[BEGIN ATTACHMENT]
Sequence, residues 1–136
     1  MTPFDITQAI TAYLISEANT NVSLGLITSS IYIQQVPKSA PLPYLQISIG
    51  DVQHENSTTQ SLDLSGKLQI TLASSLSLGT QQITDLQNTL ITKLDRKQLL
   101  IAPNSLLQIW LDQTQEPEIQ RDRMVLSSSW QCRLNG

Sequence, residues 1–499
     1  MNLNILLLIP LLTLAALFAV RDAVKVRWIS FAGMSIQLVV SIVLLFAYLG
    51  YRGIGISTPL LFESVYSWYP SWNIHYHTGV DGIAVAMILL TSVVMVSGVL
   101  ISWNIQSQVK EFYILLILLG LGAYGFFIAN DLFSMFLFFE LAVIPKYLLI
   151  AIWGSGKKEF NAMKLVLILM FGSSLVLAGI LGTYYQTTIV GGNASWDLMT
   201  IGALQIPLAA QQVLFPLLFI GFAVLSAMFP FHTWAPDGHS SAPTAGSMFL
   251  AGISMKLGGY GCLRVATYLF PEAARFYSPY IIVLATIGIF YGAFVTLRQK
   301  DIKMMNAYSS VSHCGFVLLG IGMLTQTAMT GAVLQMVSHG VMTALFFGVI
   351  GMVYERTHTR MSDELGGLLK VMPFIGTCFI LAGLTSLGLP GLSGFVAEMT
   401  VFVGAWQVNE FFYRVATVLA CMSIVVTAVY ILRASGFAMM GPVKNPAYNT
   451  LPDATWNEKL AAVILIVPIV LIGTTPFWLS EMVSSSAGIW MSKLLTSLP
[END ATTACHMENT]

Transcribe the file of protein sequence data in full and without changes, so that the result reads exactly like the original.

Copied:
Sequence, residues 1–136
     1  MTPFDITQAI TAYLISEANT NVSLGLITSS IYIQQVPKSA PLPYLQISIG
    51  DVQHENSTTQ SLDLSGKLQI TLASSLSLGT QQITDLQNTL ITKLDRKQLL
   101  IAPNSLLQIW LDQTQEPEIQ RDRMVLSSSW QCRLNG

Sequence, residues 1–499
     1  MNLNILLLIP LLTLAALFAV RDAVKVRWIS FAGMSIQLVV SIVLLFAYLG
    51  YRGIGISTPL LFESVYSWYP SWNIHYHTGV DGIAVAMILL TSVVMVSGVL
   101  ISWNIQSQVK EFYILLILLG LGAYGFFIAN DLFSMFLFFE LAVIPKYLLI
   151  AIWGSGKKEF NAMKLVLILM FGSSLVLAGI LGTYYQTTIV GGNASWDLMT
   201  IGALQIPLAA QQVLFPLLFI GFAVLSAMFP FHTWAPDGHS SAPTAGSMFL
   251  AGISMKLGGY GCLRVATYLF PEAARFYSPY IIVLATIGIF YGAFVTLRQK
   301  DIKMMNAYSS VSHCGFVLLG IGMLTQTAMT GAVLQMVSHG VMTALFFGVI
   351  GMVYERTHTR MSDELGGLLK VMPFIGTCFI LAGLTSLGLP GLSGFVAEMT
   401  VFVGAWQVNE FFYRVATVLA CMSIVVTAVY ILRASGFAMM GPVKNPAYNT
   451  LPDATWNEKL AAVILIVPIV LIGTTPFWLS EMVSSSAGIW MSKLLTSLP